Euro zone, IMF fail to strike Greek deal
The document did say Greek debt could fall to 120 percent of GDP two years later -- in 2022 -- without having to impose any losses on euro zone member states or forcing through a buy-back of Greek debt from private-sector bondholders.
But International Monetary Fund chief Christine Lagarde rejected such an extension at similar talks last week.
Without any corrective measures the document said Greek debt would be 144 percent in 2020 and 133 percent in 2022, figures first reported exclusively by Reuters last week.
"To bring the debt ratio down further, one needs to take recourse to measures that would entail capital losses or budgetary implications for euro area member states," the document says.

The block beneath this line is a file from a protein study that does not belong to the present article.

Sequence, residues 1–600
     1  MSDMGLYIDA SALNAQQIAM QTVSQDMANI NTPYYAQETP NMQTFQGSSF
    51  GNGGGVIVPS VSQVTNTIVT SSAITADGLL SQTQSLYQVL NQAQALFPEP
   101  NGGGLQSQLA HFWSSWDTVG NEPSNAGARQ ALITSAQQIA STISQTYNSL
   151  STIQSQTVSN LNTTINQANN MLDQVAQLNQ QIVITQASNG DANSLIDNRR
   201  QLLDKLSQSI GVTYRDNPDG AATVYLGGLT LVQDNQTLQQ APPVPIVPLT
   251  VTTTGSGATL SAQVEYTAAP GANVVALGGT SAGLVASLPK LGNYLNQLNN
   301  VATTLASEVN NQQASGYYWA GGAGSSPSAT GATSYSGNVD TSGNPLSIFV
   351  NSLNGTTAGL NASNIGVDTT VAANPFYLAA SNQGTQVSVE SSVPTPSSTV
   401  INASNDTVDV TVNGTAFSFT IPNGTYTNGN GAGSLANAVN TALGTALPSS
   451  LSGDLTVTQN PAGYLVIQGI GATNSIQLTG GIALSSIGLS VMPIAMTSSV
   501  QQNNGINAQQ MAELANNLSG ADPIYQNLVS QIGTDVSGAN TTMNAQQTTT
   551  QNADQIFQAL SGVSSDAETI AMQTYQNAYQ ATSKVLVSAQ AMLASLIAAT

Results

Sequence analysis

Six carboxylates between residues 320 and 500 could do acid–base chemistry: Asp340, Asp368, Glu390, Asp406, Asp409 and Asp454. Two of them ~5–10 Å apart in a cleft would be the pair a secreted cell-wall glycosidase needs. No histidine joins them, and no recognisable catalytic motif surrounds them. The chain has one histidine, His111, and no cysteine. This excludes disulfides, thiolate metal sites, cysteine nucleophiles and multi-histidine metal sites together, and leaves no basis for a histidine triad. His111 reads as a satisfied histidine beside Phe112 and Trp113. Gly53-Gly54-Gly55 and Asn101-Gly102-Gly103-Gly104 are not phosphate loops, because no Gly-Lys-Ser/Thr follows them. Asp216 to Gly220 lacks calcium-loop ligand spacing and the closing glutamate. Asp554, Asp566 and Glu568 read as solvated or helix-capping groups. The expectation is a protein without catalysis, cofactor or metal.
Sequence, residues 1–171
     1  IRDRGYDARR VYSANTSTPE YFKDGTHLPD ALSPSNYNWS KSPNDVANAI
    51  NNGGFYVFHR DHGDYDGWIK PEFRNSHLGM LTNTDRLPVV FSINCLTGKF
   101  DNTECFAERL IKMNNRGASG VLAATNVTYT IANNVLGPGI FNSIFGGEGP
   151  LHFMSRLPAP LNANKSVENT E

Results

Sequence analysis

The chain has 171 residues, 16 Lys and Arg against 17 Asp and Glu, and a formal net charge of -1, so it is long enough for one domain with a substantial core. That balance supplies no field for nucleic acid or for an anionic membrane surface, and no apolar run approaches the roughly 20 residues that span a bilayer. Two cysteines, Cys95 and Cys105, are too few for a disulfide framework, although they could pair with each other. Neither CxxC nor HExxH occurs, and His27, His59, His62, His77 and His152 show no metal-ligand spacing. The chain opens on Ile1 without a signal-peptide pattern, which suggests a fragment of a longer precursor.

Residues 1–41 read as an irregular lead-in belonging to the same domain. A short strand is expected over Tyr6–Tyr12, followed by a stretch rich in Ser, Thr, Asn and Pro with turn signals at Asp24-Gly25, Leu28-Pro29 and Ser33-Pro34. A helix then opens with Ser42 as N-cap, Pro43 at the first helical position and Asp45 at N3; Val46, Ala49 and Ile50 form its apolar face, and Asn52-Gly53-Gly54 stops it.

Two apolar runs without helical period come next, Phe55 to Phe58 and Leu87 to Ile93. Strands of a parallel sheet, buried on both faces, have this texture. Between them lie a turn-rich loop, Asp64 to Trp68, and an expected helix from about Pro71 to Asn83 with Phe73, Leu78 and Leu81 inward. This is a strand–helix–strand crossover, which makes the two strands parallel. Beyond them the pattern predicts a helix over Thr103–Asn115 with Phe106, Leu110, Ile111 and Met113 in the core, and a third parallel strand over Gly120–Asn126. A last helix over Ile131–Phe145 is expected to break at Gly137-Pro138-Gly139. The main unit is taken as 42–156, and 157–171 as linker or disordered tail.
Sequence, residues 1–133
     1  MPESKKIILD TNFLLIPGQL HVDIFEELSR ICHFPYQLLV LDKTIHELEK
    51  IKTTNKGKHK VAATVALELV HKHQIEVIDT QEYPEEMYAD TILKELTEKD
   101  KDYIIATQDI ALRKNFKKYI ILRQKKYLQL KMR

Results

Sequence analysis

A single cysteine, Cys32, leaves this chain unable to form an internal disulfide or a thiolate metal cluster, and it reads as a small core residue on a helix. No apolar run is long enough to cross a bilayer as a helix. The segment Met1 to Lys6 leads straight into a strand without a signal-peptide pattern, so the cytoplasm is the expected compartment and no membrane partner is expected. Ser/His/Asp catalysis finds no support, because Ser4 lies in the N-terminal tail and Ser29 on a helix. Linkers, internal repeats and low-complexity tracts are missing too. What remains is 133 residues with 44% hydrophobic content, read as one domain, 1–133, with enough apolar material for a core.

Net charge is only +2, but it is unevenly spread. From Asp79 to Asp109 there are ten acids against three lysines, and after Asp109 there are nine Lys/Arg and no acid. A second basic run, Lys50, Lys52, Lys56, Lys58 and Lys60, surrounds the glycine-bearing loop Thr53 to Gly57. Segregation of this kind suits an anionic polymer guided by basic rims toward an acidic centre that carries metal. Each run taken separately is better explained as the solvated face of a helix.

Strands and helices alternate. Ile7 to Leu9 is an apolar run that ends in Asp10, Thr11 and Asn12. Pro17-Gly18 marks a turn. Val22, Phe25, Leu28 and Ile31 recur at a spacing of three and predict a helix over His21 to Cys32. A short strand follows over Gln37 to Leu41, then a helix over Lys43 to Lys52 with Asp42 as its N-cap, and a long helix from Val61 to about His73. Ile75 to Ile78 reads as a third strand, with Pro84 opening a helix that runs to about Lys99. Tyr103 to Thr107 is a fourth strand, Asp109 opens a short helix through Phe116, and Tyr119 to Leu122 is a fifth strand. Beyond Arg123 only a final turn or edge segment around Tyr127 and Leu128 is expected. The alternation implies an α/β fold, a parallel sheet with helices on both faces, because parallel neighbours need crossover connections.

"Capital losses do not appear to be politically feasible and would jeopardise, at least in a number of member states, the political and public support for providing financial assistance."
Juncker said at a meeting a week ago that he wanted to extend the target date to reduce Greek debt by two years to 2022, but Lagarde insists the 2020 goal should stand.
The view of the IMF, which has played a role in both Greek bailouts so far, is critical since it provides international legitimacy and credibility for the efforts the euro zone is making. If the IMF were to withdraw its support for the bailout programmes, it could have a deeply damaging market impact.
The document appeared designed in part to convince
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